Sunday Poem: Naomi Jaffa

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Sunday Poem: Naomi Jaffa

It’s been a beautiful day here in the Lake District today. I’ve been out in the cold and the sunshine most of the day. At lunchtime I went for a 12 mile run with a group of friends and then a 3 mile dog walk when I got back. I’m now sat feeling a bit sorry for myself as I’ve now got a pain behind my knee, at the bottom of my hamstring. I didn’t think it was that bad, but it seems to have got worse over the course of the evening. I’m hoping I’ve just overdone it a bit today and with a few days rest it will be ok.

This week has been a mix of teaching, recordings, and writing poems. On Tuesday I did a short interview with a producer from BBC Radio Cumbria and read my poem ‘Suffragette’. The interview and the poem will be broadcast some time in the week of the anniversary of the Representation of the People Act. I get really anxious when I do anything that’s recorded. Not usually beforehand too much, but afterwards – things that I’ve said run round and round in my head, or things I didn’t say – don’t know if anybody else gets this. It doesn’t happen when I do readings though – maybe because a poetry reading is such an ephemeral thing – and anything I’ve said, whilst it can be repeated, it has also disappeared.

Thursday is my teaching day at MMU – I’m teaching on an undergraduate unit called Language and Technique this term – covering for Adam O’Riordan. I’m really enjoying the teaching so far – this week Helen Mort and I took our undergraduate students to Manchester Art Gallery to hopefully be inspired by some of the art.

On Friday I went to Yarm school to do a reading/talk about domestic violence, focusing on the sequence in my first collection. This is the first time I’ve done something like this, and I was a little out of my comfort zone – as usually I read the poems one after another, without any introductions. This has always been my way of preserving a kind of boundary around myself when I’m reading these poems. The students were absolutely lovely though – they asked lots of perceptive questions and seemed really engaged. The teacher who invited me to come had read my book and thought about the poetry and was really enthusiastic. I couldn’t get the statistic out of my head that 1 in 3 women will experience domestic violence at some point in their lives – it’s a sobering thought when you’re standing in front of a room of young people with their whole lives ahead of them. Statistically, there were probably young women and young men in that room who have already experienced it.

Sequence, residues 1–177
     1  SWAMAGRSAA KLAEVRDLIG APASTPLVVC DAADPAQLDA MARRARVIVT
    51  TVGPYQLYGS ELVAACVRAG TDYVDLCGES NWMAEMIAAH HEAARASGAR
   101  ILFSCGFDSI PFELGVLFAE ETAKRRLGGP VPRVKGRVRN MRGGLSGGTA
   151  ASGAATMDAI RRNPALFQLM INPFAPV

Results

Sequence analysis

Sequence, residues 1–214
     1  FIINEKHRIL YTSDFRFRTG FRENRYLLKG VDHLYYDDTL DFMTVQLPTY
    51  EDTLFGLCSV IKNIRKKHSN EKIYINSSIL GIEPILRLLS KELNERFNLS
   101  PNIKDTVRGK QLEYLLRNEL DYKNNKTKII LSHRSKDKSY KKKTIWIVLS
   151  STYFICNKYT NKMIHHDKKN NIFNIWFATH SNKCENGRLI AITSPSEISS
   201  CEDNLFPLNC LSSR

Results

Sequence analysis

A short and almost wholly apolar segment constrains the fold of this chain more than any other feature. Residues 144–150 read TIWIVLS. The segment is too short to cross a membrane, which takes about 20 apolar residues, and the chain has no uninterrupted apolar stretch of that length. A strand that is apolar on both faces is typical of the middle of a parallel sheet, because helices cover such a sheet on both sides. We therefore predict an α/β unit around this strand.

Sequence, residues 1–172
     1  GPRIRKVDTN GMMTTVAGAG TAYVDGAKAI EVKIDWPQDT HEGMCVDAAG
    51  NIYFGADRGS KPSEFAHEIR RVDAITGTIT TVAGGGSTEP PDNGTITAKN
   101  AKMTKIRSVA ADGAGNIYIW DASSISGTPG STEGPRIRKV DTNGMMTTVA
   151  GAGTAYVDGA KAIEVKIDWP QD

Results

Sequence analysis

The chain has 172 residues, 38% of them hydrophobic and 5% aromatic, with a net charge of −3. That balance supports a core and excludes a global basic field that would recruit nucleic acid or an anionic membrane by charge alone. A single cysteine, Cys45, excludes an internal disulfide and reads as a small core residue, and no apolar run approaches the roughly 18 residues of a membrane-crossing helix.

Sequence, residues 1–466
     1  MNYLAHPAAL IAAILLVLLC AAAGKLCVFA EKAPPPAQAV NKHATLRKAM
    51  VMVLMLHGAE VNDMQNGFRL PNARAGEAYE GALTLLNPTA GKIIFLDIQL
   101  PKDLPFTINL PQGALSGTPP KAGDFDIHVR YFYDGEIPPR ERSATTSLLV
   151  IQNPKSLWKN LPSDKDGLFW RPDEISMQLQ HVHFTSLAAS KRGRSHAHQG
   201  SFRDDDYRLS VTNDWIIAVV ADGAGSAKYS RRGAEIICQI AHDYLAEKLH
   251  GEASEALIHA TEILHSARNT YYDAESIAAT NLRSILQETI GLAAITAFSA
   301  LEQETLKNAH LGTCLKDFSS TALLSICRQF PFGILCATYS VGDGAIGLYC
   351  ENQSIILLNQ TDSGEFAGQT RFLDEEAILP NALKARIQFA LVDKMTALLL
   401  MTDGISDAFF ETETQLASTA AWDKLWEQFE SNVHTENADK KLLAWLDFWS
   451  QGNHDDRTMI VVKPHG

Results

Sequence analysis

I’ve also had another good week on the PhD – I’ve got a meeting with my supervisor tomorrow so I had to edit and get ready some new poems to send through to him. I’m nervous about the meeting tomorrow as these are all really new poems that I’m still not completely sure of. I had two poems accepted in the New Statesman this week as well, although I’m not sure when they will be published. And I’ve carried on with reading Theory of the Lyric by Jonathan Culler, which I’m still finding interesting!

I’ve been reading about the ‘cooperative principal’ coined by the philosopher H.R. Grice. The cooperative principal means that when we are talking to someone we assume that they are saying something relevant. In literature the cooperative principal is ‘hyper-protected’. Culler says that readers ‘will often go a long way in accepting obscurity, disjunction or apparent irrelevance’.

Culler talks about the ‘lyric convention of significance’ i.e ‘the fact that something has been set down as a poem implies that it is important now, at the moment of lyric articulation’. This has interesting implications for my poems exploring sexism. By writing lyric poetry about experiences of sexism, I can elevate experiences of sexism into significance, just by writing lyric poetry, rather than say, a diary entry.

Another thing that Jonathan Culler is really good on is Greek poetry. If I had time (which I don’t) I would find it very easy to be sidetracked and go and find as many examples of fragments of Greek poetry I could get my hands on. My most recent favourite is by Theognis, addressed to someone called Cyrnus. This is translated by Andrew Miller and the first couple of lines are

I have given you wings with which you will fly, soaring easily
over the boundless seas and all the land

A bit like Shakespeare’s sonnets – Theognis promises Cyrnus immortalization before complaining at the end that he has been deceived and disappointed.

So, on to the first Sunday Poem of February! Many people will know Naomi Jaffa as the former Director of Aldeburgh Poetry Festival, where she worked tirelessly to bring poets from across the world together in one place for a magical weekend. I know this because I was one of those lucky poets in 2013 and I had such a good time. I hope we treat the poets who come to Kendal Poetry Festival as well as I was treated that weekend in Aldeburgh.

As well as running one of the best festivals for 22 years, Naomi is also a fabulous poet. I suspect her own creative work was put on the backburner for the many years she was running the festival, but I was really happy to see that last year she had a pamphlet published by The Garlic Press. The pamphlet is called Driver and comes highly recommended.